By Amanda Grisafi
The sky-high price of textbooks is nothing new to students, but one Rider student is getting creative in order to pay for them. A sophomore has opened her own handmade jewelry Web site to help cover the cost of her school books.
Sonya Maizell, an English major, opened her own Web site featuring handmade earrings last October. The earrings range in price from $10 to $15, depending on the beads and materials used. Maizell was making earrings for fun but “couldn’t wear them all,” so she chose to open a Web site to sell the extra jewelry.
“I usually make around $100 to $200 a month,” Maizell said. “It’s been going up as I pass it around to more people, which is cool. It’s especially fun when someone I don’t even know and doesn’t go to Rider wants to buy something because that means it’s not just a family member or friend trying to help me out by buying my stuff.”
Maizell knows her books cost around $500 each semester, so she saves her profits. The rest of the money either goes into purchasing supplies or into the bank. She uses clearance sales at chain craft stores, so the money spent on the materials is also relatively low. She also uses small bead shops to find more “unique” beads.
Maizell plans to expand her inventory as well. She is experimenting with necklace pendants by soldering together pieces of clear glass with fake feathers or butterfly wings between them. It is a work in progress, she admits, as she has been mostly setting the feathers on fire by mistake, but she believes she will end up with necklaces that are very “pretty and unique.”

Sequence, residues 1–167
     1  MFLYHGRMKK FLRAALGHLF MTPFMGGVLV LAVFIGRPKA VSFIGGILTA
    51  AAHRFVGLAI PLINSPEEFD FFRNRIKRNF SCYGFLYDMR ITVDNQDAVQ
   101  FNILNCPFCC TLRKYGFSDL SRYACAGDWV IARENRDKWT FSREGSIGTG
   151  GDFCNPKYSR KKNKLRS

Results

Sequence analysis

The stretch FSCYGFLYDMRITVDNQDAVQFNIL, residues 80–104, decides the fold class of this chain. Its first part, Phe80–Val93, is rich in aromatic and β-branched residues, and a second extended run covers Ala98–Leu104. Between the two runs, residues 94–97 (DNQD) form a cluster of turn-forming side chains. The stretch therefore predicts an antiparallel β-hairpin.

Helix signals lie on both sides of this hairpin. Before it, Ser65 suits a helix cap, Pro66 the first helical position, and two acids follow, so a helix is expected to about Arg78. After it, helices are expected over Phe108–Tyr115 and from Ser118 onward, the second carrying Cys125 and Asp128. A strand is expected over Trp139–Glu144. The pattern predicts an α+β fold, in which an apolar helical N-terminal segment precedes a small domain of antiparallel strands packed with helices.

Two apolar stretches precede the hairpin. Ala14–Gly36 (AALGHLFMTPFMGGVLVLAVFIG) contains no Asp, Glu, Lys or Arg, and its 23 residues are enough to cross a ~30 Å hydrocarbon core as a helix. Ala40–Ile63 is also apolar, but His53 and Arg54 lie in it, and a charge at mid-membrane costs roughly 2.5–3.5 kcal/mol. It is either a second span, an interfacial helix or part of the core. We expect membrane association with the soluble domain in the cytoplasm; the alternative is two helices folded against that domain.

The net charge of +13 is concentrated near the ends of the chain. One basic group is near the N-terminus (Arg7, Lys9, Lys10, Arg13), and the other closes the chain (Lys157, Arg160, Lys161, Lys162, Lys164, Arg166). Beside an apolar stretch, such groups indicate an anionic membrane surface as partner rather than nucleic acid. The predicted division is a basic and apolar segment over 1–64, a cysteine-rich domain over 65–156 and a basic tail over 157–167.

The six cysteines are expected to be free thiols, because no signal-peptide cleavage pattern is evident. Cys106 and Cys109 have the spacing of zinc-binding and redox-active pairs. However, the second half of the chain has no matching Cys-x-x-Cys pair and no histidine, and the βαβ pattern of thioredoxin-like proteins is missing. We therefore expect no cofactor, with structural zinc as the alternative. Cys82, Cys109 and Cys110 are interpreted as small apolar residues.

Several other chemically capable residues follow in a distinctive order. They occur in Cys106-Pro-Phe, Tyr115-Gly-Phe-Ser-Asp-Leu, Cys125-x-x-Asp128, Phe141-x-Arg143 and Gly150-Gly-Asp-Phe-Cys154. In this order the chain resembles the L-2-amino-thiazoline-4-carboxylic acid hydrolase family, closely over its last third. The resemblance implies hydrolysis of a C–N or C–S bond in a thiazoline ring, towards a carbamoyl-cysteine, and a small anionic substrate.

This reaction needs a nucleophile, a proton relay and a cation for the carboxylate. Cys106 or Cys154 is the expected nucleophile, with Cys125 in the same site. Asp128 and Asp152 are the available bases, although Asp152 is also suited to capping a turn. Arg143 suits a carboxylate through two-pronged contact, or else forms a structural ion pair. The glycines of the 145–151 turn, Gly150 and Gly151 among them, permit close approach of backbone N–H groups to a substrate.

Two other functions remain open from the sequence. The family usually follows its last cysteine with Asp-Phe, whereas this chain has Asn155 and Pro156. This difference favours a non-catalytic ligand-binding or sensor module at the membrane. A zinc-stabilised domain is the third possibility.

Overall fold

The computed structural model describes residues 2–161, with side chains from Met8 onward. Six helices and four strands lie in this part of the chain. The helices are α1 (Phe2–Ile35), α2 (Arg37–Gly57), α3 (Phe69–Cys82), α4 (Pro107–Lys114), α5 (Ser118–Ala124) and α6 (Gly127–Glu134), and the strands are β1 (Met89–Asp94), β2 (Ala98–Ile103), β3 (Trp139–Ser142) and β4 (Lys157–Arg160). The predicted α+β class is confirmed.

She also wants to use real feathers or butterly wings in her pendant necklaces. Maizell lives near a state park and she plans to go there this summer to find them, along with other items, for the necklaces.
Maizell wants to switch to using hypoallergenic hooks for those with sensitive skin. Craft stores do not sell these, so she is currently looking for a place that does sell them for a fair price.
Although she attends school and runs a business, she says the business is not taxing at all.
“My Web site is incredibly low maintenance,” she said. “I don’t even have to pay to have it hosted. It’s all free. Making earrings is really fun so that part isn’t even work, and I don’t have to budget time to do it. Out of all the stuff I have to get done, my Web site is usually the least of my worries. It’s a great, stress-free way to make cash on the side.”
The Web site features a section of premade earrings with photos and prices. There is also a customizing section where photos of Maizell’s current beads are posted. Customers can select from these beads or describe what they want and Maizell will try to find something similar. She gets her ideas for her earrings from the beads themselves.
“I never buy beads unless I can already picture how to put them together in my head,” she said.
For students thinking of promoting a small business through the Internet, Maizell recommends having a privately owned Web site.
“It’s way better than selling your stuff on a Web site like Etsy because with them, you have to pay them even if no one buys your stuff,” Maizell said. “With your own Web site, the only person getting the money is you.”
Visit Maizell’s earring Web site at www.leafstudio.50g.com.